Vanquished, p.14

Vanquished, page 14

 

Vanquished
 


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  "Mum?" He pushed himself up on his elbows.

  "No, it's me. Can I come in?" The whispered voice coming from the hallway belonged to his friend, Sally, one of the new girls and three years his senior.

  Sally, how could he face her now or ever again? He flopped back down on his back without answering, hoping she would give up and go away. No such luck. The door opened partway, and she slipped inside. "You all right, Harry?"

  He found solace in sarcasm. "Bloody grand. The best day of my life, don't you know it?" He fixed his gaze on the ceiling but not before he noticed her face was free of paint, which could only mean she wasn't seeing any "gentlemen callers" today.

  She sat down on the bed beside him. "He hurt you, didn't he, the lousy bugger?" Her tone was a soothing balm of outrage and loyalty.

  He dropped his gaze from the cracked plasterwork and turned on his side to look at her, hot tears of shame rolling down his cheeks. "Oh Christ, Sal, Jesus Bloody Christ." Digging the heels of his hands into his eyes, he willed the back flash of images to stop.

  "First time's always the hardest." She reached down to pat his shoulder, the bodice of her castoff gown dipping open. Through the waterfall of tears, he caught an eyeful. Breasts, big as melons and tipped with nipples the soft pink he'd seen in a rainbow just the week before.

  He shook his head. "There isn't going to be a next time. I like girls. I like you, Sal." All at once, the tears stopped and against all odds he found his smile.

  He reached up and slipped a hand inside her gown. Soft and supple as he imagined a cloud might feel.

  "I like you, too, Harry, but you know we can't. House rules and all." Despite her protest, he noticed she didn't pull back.

  "No pay, no lay," he repeated, heartily sick of Madam Dottie and her rules.

  Sally nodded, solemn as if they sat in a church pew instead of half-naked on a whore's bed while he played with her breast, the nipple hardening beneath his thumb.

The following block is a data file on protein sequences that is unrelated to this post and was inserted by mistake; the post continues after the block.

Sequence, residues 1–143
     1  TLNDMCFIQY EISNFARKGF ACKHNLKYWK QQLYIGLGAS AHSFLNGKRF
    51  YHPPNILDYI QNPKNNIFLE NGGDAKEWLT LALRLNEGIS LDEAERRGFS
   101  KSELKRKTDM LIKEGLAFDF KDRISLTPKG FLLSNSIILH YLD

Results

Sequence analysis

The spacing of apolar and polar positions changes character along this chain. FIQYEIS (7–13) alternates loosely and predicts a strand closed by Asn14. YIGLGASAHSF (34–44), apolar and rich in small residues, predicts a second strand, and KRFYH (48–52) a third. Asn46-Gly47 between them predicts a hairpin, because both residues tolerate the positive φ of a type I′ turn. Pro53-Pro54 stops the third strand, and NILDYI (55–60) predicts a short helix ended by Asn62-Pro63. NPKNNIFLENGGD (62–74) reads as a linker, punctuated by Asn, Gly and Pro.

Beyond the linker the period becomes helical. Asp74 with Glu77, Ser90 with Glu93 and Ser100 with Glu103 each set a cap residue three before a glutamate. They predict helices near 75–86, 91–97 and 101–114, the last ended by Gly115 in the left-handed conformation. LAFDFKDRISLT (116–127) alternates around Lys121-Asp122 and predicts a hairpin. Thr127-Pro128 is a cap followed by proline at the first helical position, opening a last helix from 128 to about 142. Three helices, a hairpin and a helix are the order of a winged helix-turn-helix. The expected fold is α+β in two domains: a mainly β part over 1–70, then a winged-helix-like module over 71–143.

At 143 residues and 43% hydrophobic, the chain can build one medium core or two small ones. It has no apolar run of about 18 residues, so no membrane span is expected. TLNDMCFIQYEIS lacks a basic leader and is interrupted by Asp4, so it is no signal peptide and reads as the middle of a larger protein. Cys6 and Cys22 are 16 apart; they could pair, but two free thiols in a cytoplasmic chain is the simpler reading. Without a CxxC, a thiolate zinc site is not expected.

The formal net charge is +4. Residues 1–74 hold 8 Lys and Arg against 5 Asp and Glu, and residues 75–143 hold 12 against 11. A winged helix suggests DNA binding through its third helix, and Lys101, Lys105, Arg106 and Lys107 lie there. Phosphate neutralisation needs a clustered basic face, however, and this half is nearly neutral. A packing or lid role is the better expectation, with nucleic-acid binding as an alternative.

But not as hard as Harry's cock, miraculously come to life and standing out straight as a pikestaff.

  "Oh, what the 'ell." She lifted his shirt, looking at him long and hard before taking him in her hand. "My, you're a big lad," she said, licking her lips in a way that had him shivering.

  He dropped his hand. "Is it . . . all right, then?"

  She giggled. "Better than all right, I'd say, so long as you know how to use it." Her hand began moving up and down him, smooth, sure strokes that had him pulsing against her palm.

  She lifted her skirts and moved to straddle him. Other than her stockings and garters, she wasn't wearing undergarments. He stared at the triangle of dark hair between her full thighs, at the dark core of pink inner lips, and felt his mouth go dry.

  Arching his hips, he poked around her thighs, sweat breaking out on his forehead when he didn't immediately hit home. "Easy, ducks, it's not a race." She reached down between them and guided him to her.

  "Will it hurt you?" he asked, going still, reminded of his own stinging bum. Sally might be a girl, but she was his friend, too. He didn't ever want to make her cry.

  "No, silly, I'll like it." She came down on him hard, taking him full inside her, or at least he thought so--he still hadn't chalked up the courage to look down.

  Lying still, he closed his eyes and let her ride him, thinking nothing in his life had ever felt this nice, this good. Then she did something with her hips and pleasure so stark it bordered on pain bolted through him. He came, losing himself inside her.

  Afterward they lay facing each other atop the sheets. Hands pillowed beneath her tousled auburn curls, Sally was the first to speak. "He'll be back for more, you know he will."

  "I won't be here when he does." Reaching beneath the pillow, he pulled out the money he'd stowed there. "Come away with me, Sal. I'll take care of you."

  She shook her head. "My place's here, at least for the time and sure there's worse places I could end up. Only promise me that someday when you're a fine gentleman, a photo . . ."

  "A photographer," he said to save her from stumbling over the word.

  She smiled, but her eyes were sad. "Yes, that. Promise me you'll visit me sometimes, will you? And you can take my picture again, if you like."

  "I swear I will."

  The first lights of dawn streaked the coal-fogged sky when, belongings tossed into an empty pillowcase and the five-pound note folded into his pocket, he climbed out the bedroom window under Sally's watchful eye. He waited for her to give the all clear, three sharp raps on the window pane, before skirting the ledge of gabled roof. Reaching his chosen spot, he dropped down into the alley.